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LONDON: In 2017, after Citigroup Inc had paid billions of dollars in fines for rigging interest rates, manipulating currency markets and selling shoddy mortgage bonds, the Wall Street giant was still struggling to keep tabs on traders in London.
Managers overseeing Citigroup’s European trading hub had hundreds of blind spots, allowing for potentially abusive transactions to go unnoticed in the almost 900,000 trades processed every day at the bank’s Canary Wharf headquarters, according to a report from the UK Financial Conduct Authority (FCA).
The shortcomings carried on for at least two years, enough time for the traders to generate about £2.6bil (US$3.1bil or RM14bil) in revenue, the report showed.
Internal compliance teams found that their surveillance systems missed almost half of the second-most serious category of trading risk, the FCA said as it imposed a £12.6mil (RM67mil) penalty on New York-based Citigroup on Friday.
Officials couldn’t effectively monitor trading activities for potential insider dealing and spoofing until early 2018, the regulator said.
Citigroup chief executive officer (CEO) Jane Fraser, who oversees one of the world’s biggest investment banks, is under pressure to improve controls after multiple probes revealed what regulators have said are substantial problems.
The Bank of England levied a record £44mil (RM233mil) fine on the lender in 2019 for years of inaccurate reporting about its capital and liquidity levels, while US regulators doled out a US$400mil (RM1.8bil) fine in 2020 for persistent problems with risk management.,
Hong Kong’s securities regulator fined it HK$348.3mil (RM199mil) earlier this year for “dishonest” stock trading over a decade.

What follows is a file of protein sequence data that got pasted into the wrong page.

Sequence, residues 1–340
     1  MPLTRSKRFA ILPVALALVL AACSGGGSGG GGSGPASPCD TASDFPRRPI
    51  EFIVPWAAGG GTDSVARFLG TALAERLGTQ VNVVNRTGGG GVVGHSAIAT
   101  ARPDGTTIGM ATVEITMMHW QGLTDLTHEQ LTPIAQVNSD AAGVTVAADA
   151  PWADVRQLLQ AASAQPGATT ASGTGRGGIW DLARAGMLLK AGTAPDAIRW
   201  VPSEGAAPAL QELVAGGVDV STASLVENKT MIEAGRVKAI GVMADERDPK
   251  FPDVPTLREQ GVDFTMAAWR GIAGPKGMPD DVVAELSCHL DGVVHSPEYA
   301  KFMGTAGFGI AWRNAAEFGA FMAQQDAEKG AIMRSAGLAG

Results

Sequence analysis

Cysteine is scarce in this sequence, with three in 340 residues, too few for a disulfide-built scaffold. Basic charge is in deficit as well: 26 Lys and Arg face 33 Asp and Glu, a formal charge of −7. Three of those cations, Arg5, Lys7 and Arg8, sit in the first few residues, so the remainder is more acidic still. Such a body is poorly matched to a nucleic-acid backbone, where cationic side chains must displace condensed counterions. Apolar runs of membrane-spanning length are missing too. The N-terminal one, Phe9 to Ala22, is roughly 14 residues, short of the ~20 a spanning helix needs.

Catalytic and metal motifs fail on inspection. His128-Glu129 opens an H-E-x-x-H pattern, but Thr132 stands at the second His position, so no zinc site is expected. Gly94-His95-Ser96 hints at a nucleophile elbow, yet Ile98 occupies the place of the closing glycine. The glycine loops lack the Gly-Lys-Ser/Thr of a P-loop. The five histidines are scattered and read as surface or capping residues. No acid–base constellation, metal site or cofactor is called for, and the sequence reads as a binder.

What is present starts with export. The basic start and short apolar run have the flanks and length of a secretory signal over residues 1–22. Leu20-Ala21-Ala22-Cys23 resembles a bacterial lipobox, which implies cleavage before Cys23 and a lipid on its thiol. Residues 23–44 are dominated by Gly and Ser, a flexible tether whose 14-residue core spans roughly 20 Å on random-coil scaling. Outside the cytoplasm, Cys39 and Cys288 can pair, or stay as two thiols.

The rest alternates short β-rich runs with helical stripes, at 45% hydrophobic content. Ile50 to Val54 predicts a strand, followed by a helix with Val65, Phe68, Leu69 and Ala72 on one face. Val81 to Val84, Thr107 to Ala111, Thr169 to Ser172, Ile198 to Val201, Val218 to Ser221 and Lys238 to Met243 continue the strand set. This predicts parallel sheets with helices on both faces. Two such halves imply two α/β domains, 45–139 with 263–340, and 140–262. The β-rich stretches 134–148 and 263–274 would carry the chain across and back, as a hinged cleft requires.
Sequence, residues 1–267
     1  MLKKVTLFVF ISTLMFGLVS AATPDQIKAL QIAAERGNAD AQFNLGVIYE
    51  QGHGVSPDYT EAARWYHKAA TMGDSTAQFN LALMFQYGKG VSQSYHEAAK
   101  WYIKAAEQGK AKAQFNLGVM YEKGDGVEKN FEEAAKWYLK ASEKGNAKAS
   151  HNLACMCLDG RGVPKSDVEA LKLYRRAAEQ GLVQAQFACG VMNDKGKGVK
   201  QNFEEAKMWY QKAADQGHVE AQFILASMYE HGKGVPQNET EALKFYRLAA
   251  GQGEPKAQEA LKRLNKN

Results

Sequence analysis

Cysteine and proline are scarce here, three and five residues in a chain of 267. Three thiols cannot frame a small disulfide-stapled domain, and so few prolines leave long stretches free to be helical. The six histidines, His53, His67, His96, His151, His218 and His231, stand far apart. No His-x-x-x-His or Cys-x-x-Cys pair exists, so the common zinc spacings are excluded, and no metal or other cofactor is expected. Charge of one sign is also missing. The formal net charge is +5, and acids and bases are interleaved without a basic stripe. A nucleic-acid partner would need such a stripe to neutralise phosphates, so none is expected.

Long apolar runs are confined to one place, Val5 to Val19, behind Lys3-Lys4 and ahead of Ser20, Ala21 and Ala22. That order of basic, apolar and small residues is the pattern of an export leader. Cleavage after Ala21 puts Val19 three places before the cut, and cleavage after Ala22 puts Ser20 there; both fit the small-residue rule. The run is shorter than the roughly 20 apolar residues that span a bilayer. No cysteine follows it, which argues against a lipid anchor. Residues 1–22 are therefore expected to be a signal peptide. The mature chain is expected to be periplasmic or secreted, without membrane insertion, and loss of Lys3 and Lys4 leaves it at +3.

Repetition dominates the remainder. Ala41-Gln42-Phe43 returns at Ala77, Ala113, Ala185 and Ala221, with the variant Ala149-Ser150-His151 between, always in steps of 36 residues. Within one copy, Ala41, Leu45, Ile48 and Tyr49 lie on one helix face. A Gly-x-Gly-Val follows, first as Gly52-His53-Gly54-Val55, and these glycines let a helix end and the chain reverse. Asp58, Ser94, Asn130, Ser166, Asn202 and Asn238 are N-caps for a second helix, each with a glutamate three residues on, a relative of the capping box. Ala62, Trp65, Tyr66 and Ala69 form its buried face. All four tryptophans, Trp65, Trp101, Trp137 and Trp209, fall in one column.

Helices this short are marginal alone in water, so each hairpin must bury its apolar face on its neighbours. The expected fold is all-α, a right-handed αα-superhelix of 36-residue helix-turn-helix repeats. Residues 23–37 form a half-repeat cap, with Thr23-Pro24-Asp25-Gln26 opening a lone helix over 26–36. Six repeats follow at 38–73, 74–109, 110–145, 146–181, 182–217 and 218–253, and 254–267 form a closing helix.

“This fine is indicative of Citigroup’s troubled past and the ways its failures so often come back to haunt it,” said Kathryn Judge, a law professor focused on finance at Columbia University in New York.
“It helps to justify the changes that Fraser is seeking to implement.”
Rekha Jogia-Soni, a spokeswoman for Citigroup in London, said the bank is “pleased to put this matter behind us”.
Integrity in financial markets depends on a partnership between the FCA and banks using data to detect suspicious trading, Mark Steward, executive director of enforcement and market oversight at the regulator, said in a statement.
Citigroup “did not carry its full weight in this partnership,” he said.
In January 2018, when Citigroup’s compliance teams scrambled to assess the effectiveness of its automatic surveillance systems, they discovered that they had no oversight of almost half of what they called tier two trading risks.
The surveillance gaps occurred across some of the bank’s largest trading businesses including rates and commodities.
The multiple shortcomings convinced Citigroup that it was not in compliance with European market-abuse laws, which the UK implemented in 2016.